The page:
Cuenca'p the Awesomeness

Thursday, April 22, 2010

Fresh from the Galapagos we made a mad sprint to get to Cuenca the same day we had woken up at 5:45 AM to visit North Seymour Island and flown to Guyaquil from Baltra at 11:40/12:40 (Galapagos/Ecuador time). It couldn’t have gone smoother in Guyaquil and within 20-30 minutes of stepping off the plane we had gotten to the bus terminal (very logically located very close to the airport), bought a ticket for a bus leaving in ten minutes, and made our way up to the third level and our seats on said bus. The trip was just shy of five hours and though we arrived in the dark we got a taxi for $2 without even having to do the whole “we KNOW the price it’s SUPPOSED to be” routine to Hostal Paredes (now called Majestic). It was a pretty nice looking hostel, maybe even majestic, that is until he turned the corner to our cheapie $10 room. We should have looked a little more carefully but you’re always a bit more eager to take a place that looks remotely clean and cheap after dark. It was about as secure as a door on a chain with a piece of flimsy 1/8” sheet board covering the space above where the doors didn’t bolt closed. We decided before we left to grab dinner that we were going to have to look for somewhere else tomorrow morning. Monday night at 9PM, it turns out, Cuenca is deader than Riobamba on Good Friday so it took some time before we found a place to eat but we got some hamburgers to last us until morning and finally got back to the hotel and collapsed by 10. It had been a long day.

The morning came and I felt terrible with another feverish sleep and general achiness but two ibuprofen, water, fruit salad, and lemonade did a good job of diminishing that. On top of that, it turned out that Cuenca was even more beautiful than I’d heard; marble churches, sprawling monasteries, graceful and well-maintained colonial buildings, and clean streets. It is said, at least by the Lonely Planet, that Cuenca and Quito are often in competition but that’s doubtful. It is unfair to compare anywhere I’ve been so far in South America to Cuenca except for Cartagena which still holds the number one spot for me. Cuenca is just too much of a charmer. We found a hostel amidst the gawking called Monasterio and for $7/night instead, it had Wifi (two weeks in the Galapagos meant I’d be using that particular service quite a bit), big beds with actual firmness/back support, and a private bathroom that some German dude hadn’t defiled by coming home drunk, spinning around three times with the lights off, unzipping, and going to town. Done and done. And we didn’t know it ‘til later as neither of us was quite ready, but $1 big Pilseners [sic] too! Back to the Majestic Hostal, which by the way had refused me a Dixie cup of purified water to take some painkillers because I wasn’t staying in one of their more expensive rooms, we grabbed our bags and walked back. The sky was clearing from the morning’s overcast and I felt my mood and illness lifting in coordination with it.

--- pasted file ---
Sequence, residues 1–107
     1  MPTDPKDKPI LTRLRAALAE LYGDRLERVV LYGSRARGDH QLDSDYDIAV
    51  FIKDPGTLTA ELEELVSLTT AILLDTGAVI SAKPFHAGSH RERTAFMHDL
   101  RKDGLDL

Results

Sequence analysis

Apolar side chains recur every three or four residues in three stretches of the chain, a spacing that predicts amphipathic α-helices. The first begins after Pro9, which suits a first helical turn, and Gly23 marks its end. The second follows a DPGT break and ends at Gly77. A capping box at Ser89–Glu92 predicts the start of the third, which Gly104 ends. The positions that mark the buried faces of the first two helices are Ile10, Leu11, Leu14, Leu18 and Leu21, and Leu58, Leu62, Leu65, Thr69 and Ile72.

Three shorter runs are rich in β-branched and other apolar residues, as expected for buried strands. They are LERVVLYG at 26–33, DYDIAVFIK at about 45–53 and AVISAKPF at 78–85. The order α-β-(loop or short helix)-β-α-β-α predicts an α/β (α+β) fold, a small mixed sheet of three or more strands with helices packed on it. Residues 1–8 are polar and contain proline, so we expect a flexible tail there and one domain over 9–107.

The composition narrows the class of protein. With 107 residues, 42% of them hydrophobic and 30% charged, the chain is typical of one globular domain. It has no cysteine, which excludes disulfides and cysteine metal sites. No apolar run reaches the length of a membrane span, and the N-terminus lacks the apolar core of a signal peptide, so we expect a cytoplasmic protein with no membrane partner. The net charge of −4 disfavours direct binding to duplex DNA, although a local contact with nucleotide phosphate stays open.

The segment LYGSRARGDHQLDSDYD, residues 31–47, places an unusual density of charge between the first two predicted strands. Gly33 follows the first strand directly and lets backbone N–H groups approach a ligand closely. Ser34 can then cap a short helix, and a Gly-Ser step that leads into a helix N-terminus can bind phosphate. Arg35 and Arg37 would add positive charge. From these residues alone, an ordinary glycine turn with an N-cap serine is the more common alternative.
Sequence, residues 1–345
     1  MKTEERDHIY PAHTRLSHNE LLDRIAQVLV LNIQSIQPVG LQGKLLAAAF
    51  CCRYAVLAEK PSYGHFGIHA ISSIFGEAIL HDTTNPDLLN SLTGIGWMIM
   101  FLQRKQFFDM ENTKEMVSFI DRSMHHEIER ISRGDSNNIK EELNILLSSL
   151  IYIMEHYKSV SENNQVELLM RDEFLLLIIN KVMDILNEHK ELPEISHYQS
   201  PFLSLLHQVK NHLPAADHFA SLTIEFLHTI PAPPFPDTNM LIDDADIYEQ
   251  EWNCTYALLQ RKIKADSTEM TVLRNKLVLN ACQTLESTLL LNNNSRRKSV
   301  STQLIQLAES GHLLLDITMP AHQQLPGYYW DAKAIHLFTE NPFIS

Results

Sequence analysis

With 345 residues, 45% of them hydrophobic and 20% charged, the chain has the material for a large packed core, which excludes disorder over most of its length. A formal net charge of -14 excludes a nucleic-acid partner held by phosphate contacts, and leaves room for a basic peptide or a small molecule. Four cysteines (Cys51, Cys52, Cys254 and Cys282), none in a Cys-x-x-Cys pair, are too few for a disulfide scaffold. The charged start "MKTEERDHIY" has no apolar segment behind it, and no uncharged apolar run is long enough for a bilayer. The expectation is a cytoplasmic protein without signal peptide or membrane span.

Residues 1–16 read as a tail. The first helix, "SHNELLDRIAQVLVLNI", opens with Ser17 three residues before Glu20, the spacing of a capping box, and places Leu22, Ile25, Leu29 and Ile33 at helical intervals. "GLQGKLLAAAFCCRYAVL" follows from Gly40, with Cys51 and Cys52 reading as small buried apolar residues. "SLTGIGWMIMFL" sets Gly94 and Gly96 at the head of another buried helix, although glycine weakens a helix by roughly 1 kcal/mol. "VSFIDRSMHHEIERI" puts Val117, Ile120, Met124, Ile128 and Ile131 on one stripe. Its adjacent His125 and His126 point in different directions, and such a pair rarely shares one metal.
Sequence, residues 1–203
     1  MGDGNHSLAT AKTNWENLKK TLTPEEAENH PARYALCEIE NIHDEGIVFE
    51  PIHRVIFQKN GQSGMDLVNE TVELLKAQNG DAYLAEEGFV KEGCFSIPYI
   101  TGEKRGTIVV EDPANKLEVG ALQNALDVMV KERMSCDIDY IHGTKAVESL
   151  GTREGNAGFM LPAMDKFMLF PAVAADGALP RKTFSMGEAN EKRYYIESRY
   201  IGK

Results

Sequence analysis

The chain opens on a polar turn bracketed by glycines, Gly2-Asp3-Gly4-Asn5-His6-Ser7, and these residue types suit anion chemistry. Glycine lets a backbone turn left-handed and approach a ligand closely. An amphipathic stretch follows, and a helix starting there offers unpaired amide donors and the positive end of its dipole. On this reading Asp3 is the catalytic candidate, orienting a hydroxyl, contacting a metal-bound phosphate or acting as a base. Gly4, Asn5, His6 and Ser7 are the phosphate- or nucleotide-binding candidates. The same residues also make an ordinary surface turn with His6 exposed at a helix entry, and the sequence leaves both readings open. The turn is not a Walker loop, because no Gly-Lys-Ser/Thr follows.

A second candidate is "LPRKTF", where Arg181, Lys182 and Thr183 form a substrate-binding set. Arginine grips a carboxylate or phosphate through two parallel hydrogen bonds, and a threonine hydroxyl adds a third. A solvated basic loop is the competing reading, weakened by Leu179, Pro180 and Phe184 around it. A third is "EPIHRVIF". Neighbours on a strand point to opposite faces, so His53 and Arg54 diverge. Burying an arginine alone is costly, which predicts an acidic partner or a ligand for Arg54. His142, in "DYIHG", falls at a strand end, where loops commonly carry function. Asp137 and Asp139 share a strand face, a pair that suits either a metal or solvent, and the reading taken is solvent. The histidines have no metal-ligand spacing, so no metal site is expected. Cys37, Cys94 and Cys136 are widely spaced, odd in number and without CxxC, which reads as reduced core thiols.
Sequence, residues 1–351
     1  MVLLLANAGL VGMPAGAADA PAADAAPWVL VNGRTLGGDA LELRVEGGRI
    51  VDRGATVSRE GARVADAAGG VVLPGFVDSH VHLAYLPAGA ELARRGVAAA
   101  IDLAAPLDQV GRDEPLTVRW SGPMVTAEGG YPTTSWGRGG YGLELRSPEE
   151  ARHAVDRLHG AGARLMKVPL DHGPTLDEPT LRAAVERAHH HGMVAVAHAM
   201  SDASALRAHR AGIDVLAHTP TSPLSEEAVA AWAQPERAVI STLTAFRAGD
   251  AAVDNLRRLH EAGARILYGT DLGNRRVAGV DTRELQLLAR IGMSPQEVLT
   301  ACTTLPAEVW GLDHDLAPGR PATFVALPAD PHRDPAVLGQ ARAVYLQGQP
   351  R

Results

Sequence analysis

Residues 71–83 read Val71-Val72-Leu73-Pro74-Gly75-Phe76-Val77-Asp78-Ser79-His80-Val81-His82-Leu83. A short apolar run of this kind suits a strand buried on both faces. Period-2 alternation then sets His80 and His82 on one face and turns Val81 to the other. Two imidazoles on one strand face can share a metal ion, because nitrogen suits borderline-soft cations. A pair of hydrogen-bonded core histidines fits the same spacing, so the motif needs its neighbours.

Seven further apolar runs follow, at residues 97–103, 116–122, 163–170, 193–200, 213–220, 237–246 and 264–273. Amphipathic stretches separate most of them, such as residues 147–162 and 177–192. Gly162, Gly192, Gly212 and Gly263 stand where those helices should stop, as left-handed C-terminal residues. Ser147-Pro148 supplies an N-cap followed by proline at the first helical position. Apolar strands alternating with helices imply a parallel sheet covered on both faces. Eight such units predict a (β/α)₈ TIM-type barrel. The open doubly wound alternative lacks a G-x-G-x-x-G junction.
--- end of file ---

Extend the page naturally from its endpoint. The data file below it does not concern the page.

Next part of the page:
In fact, I even grabbed my camera though I decided today to just let Bjorn deal with where to walk and I’d follow him. So we went through the old town and passed a place called “Casa del Sombrero” where probably the most famous maker of Panama hats (which actually come from Ecuador and are called Montecristis, muchas gracias) in the world, Alberto Pulla, has his store. I mean, the man is even on Tourism Ecaudor posters. It is so great to see someone who really loves what he does and what he has been doing for probably the last 60 years or more. He’s likely into his eighties and although he has almost completely lost the ability to speak I can’t imagine his smile has ever been bigger. He gets downright excited finding hats for people. We looked around for a bit and talked with him – I’m not sure how but I could understand him pretty well and wound up coming back the next day. I definitely had no intention of buying a hat but the next day I walked out with one of his own handmade ones keeping the sun out of my face and had promised him to send a postcard for his sprawling book of thank-you notes from all over the world. I couldn’t even bring myself to bargain with him, though whether out of respect for his life’s work, sympathy for his lost voice, or just appreciation of the smile is unclear.